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Ask the Expert: Government pensions have separate rules

Your March 25 column stated that a woman who came to the United States from another country can collect Social Security based on her husband’s work record. My husband is an American who worked for the IRS. We heard he can’t collect Social Security from me because he never paid into it. I don’t understand why someone from another country who never worked or paid into Social Security can collect a benefit.

You’ve raised two distinct issues: basic Social Security rules and special rules for government workers.

Basics first: U.S. citizenship doesn’t entitle a person to Social Security, nor is it a requirement for receiving Social Security. A noncitizen who’s lawfully in the United States and meets all the eligibility requirements can collect benefits. And there’s no work eligibility requirement for spousal benefits, because they’re based on your spouse’s work record.

Your husband is subject to a special rule called the Government Pension Offset, which applies to federal, state, city and municipal workers who didn’t pay into Social Security. The offset reduces his Social Security spousal benefit — his potential benefit based on your work record — by two-thirds the amount of his government pension. For example, if his government pension is $1,500 a month, his Social Security spousal benefit is reduced by $1,000. The offset typically eliminates a spousal benefit.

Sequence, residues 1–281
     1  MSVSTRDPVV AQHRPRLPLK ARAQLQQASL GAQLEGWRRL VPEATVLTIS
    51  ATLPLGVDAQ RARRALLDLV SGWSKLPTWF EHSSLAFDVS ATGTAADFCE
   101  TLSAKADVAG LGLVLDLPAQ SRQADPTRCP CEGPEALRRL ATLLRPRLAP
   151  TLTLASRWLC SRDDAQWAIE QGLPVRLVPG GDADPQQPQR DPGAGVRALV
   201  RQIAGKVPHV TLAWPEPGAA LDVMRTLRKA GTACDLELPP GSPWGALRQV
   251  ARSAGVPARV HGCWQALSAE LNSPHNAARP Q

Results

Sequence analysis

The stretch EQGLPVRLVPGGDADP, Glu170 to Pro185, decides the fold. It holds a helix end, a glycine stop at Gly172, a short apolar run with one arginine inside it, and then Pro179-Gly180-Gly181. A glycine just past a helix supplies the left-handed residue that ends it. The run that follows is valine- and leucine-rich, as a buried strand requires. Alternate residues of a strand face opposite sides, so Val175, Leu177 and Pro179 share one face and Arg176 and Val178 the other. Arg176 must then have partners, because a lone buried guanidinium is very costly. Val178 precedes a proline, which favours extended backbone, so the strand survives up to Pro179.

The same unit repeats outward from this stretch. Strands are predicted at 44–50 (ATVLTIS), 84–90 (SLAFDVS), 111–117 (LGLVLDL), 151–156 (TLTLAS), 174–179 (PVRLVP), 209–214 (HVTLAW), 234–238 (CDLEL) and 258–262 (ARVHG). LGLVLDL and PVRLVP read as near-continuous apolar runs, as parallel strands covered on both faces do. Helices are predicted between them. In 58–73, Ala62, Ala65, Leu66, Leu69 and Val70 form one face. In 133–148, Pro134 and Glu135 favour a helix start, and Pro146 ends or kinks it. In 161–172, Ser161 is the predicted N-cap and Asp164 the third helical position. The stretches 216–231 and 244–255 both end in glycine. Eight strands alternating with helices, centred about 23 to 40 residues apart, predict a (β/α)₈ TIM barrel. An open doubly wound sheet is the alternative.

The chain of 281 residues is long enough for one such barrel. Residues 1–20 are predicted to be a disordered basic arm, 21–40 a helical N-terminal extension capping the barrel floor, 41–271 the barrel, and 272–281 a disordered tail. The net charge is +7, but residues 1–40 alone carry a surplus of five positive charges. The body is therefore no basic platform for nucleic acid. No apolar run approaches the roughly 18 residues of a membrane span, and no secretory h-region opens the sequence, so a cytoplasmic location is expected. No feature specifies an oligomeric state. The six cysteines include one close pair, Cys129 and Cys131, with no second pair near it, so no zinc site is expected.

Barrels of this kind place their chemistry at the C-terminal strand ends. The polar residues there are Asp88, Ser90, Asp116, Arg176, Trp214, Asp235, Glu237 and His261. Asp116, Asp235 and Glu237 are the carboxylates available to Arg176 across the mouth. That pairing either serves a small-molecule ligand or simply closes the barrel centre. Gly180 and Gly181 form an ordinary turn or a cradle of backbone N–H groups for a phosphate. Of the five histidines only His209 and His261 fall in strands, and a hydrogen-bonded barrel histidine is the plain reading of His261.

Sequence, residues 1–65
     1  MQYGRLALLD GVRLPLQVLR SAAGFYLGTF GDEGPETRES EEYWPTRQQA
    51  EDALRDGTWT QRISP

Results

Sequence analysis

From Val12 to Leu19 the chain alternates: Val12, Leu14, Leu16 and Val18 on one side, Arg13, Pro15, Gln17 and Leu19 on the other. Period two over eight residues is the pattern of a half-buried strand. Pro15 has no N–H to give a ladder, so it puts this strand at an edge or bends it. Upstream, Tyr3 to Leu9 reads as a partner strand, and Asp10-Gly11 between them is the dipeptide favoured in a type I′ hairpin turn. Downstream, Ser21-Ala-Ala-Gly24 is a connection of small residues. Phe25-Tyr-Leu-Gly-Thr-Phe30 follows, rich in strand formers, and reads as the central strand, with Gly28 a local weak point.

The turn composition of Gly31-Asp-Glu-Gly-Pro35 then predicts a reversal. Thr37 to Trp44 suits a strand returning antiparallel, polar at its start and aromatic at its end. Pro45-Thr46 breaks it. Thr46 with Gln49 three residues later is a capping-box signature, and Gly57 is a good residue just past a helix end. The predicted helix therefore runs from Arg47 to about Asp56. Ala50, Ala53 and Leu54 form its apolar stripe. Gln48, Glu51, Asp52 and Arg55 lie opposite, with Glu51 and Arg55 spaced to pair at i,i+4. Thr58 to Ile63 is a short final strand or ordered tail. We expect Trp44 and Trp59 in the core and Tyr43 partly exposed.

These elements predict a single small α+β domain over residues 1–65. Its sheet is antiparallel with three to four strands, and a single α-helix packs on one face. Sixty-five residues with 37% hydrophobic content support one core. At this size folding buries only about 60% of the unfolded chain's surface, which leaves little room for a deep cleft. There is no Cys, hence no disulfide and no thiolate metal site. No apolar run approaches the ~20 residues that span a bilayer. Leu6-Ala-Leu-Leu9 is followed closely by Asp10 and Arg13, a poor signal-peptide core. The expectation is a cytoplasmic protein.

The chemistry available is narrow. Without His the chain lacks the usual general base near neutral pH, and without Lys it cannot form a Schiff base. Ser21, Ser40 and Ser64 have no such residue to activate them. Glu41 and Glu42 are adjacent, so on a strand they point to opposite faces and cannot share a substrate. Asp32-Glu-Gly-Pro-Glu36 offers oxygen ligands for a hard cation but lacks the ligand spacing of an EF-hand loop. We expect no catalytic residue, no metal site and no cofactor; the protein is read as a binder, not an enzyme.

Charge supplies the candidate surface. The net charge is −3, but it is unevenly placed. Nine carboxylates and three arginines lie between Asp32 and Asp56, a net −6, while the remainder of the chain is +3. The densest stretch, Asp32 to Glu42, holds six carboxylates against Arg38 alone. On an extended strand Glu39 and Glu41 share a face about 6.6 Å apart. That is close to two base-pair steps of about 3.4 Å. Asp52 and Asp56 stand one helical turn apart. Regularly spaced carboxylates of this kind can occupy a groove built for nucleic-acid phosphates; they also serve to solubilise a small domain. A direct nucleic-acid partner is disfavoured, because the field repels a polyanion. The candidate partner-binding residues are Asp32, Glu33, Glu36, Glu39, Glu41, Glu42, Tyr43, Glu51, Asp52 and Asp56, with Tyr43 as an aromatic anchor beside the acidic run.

Understandably, this seems unfair to many government workers; but the offset is intended to put them on an equal footing with everyone else. Nongovernment workers can collect their own Social Security benefit or a spousal benefit, whichever is bigger — but not both. Without the offset, government workers would have a unique advantage — they’d collect their own Civil Service benefit plus a spousal Social Security benefit.


People with government pensions are subject to special Social Security rules.

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